Archive for October, 2012

It has been quite crazy in the real life of Frank the Tank over the past couple of weeks, so I apologize for the hiatus.  Let’s get right back into it:

(1) The Enemy of My Enemy is My Friend: Fox Emerging as Top Competitor to ESPN Instead of Comcast (Because That’s How ESPN Wants It) – When I wrote this post on potential challengers to ESPN back in March, I was fairly skeptical of anyone being able to step up to create a full-fledged all-sports network competitor.  Unlike Fox News Channel and MSNBC, which were able to establish audiences to compete with CNN with internal programming decisions within their full control, new sports networks are largely dependent upon winning sports rights from third parties (which aren’t guaranteed).  To its credit, though, Fox has been able to assemble a broad array of what I called “tier one” properties since that time, such as cable rights for Major League Baseball (including postseason games) and NASCAR.  When combined with the Big 12, Pac-12 and soccer (e.g. future FIFA events such as the World Cup, English Premier League, etc.) rights that Fox already has in hand, the likely-to-be-formed “Fox Sports One” looks like a legitimate counterweight to ESPN.  Rupert Murdoch and News Corp. certainly has a lot of experience building empires based on sports properties with BSkyB in the United Kingdom breaking through after the purchase of English Premier League rights and over-the-air Fox doing the same after winning NFL games here in the United States.  (If you were around in the early-1990s, there were legitimate concerns and tons of late night talk show fodder about whether enough people would be able to find the Fox network.  Within a couple of years of having NFL games, though, Fox established itself as every bit as powerful of a network as ABC, CBS and NBC.)  It looks like he’ll finally have a cable sports network in the US that will have access to top properties during the entire calendar year.

In contrast, it appears that Comcast has very few options left for its NBC Sports Network.  For all of the bluster from Comcast that it was looking to invest heavily in NBCSN, it has ended up losing out on every competitive bidding situation for sports rights over the past 2 years with the exception of retaining the NHL and Olympics rights that it already had.  The other properties that NBCSN has added during that time frame are generally low value, such as MLS soccer, Formula One racing and Atlantic 10 basketball.  Comcast may no longer have much incentive to spend significantly on NBCSN since there is literally nothing else of value available over the next few years outside of the Big East rights (which we’ll address separately in a moment).  As a result, I wouldn’t be surprised to see NBCSN go more toward the CBS Sports Network route of trying to keep costs down while providing an overflow outlet for the main over-the-air NBC Sports operation.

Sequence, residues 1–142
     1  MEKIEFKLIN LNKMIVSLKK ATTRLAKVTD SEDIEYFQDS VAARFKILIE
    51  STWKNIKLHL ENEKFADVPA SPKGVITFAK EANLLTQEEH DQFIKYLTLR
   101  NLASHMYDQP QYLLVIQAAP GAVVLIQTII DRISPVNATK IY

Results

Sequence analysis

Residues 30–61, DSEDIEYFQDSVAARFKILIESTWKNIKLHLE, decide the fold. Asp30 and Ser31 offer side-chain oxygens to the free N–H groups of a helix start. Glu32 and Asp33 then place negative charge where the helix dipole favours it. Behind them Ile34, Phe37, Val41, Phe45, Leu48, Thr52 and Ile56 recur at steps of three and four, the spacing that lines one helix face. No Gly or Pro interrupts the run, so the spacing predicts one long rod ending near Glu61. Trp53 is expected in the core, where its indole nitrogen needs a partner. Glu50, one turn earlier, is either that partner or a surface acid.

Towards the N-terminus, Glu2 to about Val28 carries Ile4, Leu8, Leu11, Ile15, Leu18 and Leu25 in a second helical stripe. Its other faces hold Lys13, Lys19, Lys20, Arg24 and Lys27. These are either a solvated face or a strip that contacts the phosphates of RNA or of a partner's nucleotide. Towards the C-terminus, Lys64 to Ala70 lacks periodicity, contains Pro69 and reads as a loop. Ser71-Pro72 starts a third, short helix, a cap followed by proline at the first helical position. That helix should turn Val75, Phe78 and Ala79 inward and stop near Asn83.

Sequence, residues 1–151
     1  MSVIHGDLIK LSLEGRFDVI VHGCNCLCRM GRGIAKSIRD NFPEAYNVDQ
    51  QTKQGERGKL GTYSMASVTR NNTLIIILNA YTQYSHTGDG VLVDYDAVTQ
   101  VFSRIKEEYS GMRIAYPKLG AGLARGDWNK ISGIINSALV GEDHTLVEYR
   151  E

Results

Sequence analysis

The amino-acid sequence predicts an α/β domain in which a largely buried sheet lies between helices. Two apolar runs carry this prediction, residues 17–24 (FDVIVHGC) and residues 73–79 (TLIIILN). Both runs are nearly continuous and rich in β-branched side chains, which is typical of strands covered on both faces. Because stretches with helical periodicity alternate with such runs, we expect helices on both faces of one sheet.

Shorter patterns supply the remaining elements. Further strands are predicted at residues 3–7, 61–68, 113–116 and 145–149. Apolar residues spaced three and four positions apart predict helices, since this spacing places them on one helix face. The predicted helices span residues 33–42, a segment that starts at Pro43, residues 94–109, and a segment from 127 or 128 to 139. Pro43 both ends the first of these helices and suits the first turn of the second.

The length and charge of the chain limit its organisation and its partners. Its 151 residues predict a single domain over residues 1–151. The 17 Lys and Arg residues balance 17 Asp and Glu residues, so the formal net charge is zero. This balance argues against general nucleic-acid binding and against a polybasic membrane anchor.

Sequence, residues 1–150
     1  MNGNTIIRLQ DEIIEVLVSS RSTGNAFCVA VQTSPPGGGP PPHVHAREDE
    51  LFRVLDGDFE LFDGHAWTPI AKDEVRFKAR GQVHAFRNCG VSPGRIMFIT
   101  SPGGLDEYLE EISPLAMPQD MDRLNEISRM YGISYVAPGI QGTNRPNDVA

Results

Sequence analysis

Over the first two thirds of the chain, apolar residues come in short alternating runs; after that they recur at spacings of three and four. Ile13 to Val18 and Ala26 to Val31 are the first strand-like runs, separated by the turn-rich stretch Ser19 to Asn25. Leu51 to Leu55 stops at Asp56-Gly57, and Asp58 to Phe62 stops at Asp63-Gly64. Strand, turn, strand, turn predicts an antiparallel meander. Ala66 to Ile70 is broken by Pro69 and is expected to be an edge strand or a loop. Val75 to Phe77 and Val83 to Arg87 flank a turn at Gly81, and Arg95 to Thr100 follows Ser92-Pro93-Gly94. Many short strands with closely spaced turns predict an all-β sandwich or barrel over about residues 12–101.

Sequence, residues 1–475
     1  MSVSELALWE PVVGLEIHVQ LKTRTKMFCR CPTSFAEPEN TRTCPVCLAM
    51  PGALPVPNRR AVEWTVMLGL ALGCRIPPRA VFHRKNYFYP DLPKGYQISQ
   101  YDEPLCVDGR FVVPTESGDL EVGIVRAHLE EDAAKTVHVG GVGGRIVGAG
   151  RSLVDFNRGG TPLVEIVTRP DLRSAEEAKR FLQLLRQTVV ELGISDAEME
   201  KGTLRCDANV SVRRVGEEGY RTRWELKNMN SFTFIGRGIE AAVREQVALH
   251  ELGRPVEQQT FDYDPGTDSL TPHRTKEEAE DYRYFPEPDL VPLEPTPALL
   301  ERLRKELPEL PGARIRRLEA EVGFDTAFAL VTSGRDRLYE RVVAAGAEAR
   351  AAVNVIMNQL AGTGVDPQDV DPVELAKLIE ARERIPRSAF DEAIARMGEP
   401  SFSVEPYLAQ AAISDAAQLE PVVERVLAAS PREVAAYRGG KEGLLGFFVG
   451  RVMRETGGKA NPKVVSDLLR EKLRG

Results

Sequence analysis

What’s interesting here is that ESPN effectively picked the winner between News Corp. and Comcast when it chose to work with Fox in winning the Pac-12 rights against NBC last year.  Once that occurred, it established (or maybe just reflected) a fascinating bond between Disney (ESPN) and News Corp. (Fox) along with Time Warner/Turner (TBS/TNT): no matter how much they might have hated each other, they all hated Comcast even more and showed that they would rather work together to squash NBCSN than let the fledgling network gain any traction.  ESPN and Fox have partnered on the new Big 12 TV deal, while Turner is going to pay twice as much as it does now for MLB rights for half as many games (with virtually all of the games that they’re losing heading over to Fox).  From the perspective of these media companies, it makes complete sense.  Comcast is the largest source of subscriber fees for all of the top cable networks, which means that a Comcast-owned sports network that has enough top tier properties to be used as leverage in carriage fees negotiations is much more dangerous for ESPN, Fox and Turner than any other potential competitor.  So, for ESPN, it was much better for them to allow Fox to rise up as its primary competition than Comcast/NBC.  It’s a classic “the enemy of my enemy is my friend” situation.

The Big East is sitting back seeing this dance unfold.  A few months ago, many sports media industry observers thought that it was a foregone conclusion that the Big East’s new TV contract would end up with Comcast/NBC.  Now, the view seems to have shifted to where a number of people are betting on an ESPN/Fox combo for the Big East (similar to what they have in place with the Pac-12 and Big 12).  What’s hard to tell is whether this is going to end up working out financially well for the Big East since, whether or not they ultimately sign a contract with any particular media entity, they need all three of ESPN, Fox and Comcast/NBC (plus CBS for basketball) to be legitimately interested in the conference’s rights to drive up the price.  If ESPN and Fox are working together while Comcast/NBC decides that it’s going to take a low cost approach, then the Big East may not receive the payday that many of the league’s fans are hoping for.  Therefore, the Big East had better hope that Comcast/NBC is willing to legitimately pay up to compete with ESPN and Fox and not just sell the availability of “exposure” with open Saturday time slots that ESPN can’t offer.  The fact that Comcast/NBC wasn’t willing to do that with MLB rights is a negative sign, but as always, we’ll find out whether that will be the case here soon enough.